Luis Sanchez: Absolutely. It's really fascinating that you guys have this legacy of doing payments the old fashioned way, and you have this natural advantage when it comes to translating those legacy capabilities and know how into the new digital world. I'd like to pull on the thread a bit. You said that you guys are all in on digital now, and anyone who's tracked your financial results over the last couple of years, you guys have had very eye popping growth, especially in the last two years in your digital remittance business. Could you talk about within the context of digital, what investments you're making into that product, and how you guys think about the long-term success or what you're tracking in terms of the success of the investments you're making there?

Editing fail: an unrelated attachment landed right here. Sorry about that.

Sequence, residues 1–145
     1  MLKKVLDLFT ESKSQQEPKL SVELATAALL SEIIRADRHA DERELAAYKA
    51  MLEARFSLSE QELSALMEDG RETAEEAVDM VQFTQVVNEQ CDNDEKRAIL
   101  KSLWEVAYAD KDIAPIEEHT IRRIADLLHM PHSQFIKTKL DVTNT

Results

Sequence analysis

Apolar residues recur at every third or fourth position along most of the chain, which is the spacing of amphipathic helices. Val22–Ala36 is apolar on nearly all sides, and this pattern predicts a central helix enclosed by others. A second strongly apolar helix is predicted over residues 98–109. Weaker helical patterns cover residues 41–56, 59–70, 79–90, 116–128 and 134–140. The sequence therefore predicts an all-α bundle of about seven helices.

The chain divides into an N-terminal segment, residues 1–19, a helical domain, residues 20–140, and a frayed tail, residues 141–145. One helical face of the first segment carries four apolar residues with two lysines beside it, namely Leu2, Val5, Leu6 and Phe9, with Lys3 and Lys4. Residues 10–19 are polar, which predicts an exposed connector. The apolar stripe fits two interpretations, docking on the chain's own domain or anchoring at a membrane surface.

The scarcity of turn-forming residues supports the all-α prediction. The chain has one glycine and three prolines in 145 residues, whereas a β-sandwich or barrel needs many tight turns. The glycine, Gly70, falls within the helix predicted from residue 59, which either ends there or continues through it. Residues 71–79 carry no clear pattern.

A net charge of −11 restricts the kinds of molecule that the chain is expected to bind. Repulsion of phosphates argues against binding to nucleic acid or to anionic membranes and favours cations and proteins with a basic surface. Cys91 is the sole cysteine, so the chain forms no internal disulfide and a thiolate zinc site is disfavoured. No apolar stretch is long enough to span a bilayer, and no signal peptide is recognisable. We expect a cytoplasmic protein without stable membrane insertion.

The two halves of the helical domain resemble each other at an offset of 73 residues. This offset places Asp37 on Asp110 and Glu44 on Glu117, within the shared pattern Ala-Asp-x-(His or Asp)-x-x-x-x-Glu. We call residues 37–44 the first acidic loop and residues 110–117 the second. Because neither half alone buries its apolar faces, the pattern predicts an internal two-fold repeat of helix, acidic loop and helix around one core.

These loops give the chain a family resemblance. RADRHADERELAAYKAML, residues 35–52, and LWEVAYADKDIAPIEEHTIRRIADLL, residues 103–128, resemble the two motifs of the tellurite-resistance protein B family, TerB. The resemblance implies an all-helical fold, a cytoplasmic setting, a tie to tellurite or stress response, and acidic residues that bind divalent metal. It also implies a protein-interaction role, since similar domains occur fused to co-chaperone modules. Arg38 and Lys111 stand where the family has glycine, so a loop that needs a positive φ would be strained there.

Alex Holmes: Yeah, absolutely. It's actually extremely relevant question, particularly with last week's announcement with Stellar. We are extremely focused on the future of remittances and cross-border payments, and basically funds flows for consumers and businesses and truly believe that this is going to continue to shift to digital. I think the shift that we've seen so far is definitely permanent. If I take a couple of interesting examples. In Australia today,, which didn't exist for us in Australia, basically, two and half three years ago is now about twice the size of our traditional walk-in cash business. If I look at India as an example, two years ago, about 10 percent of our sense into India went into a bank account, today it's about 50 percent. I think that shift to digital is there, it's real and it's as relevant, it's going to be in once a consumer downloads an app, once they get to interact with you, it really changes the paradigm, and I think of no one likes the waste time. No one likes to stand in line if they don't have to. People begin to see that ease of facilitation of funds flow. But not everyone is going to be banked, and not everyone is going to, shift away from the cash role than not, everybody is going to want to do that.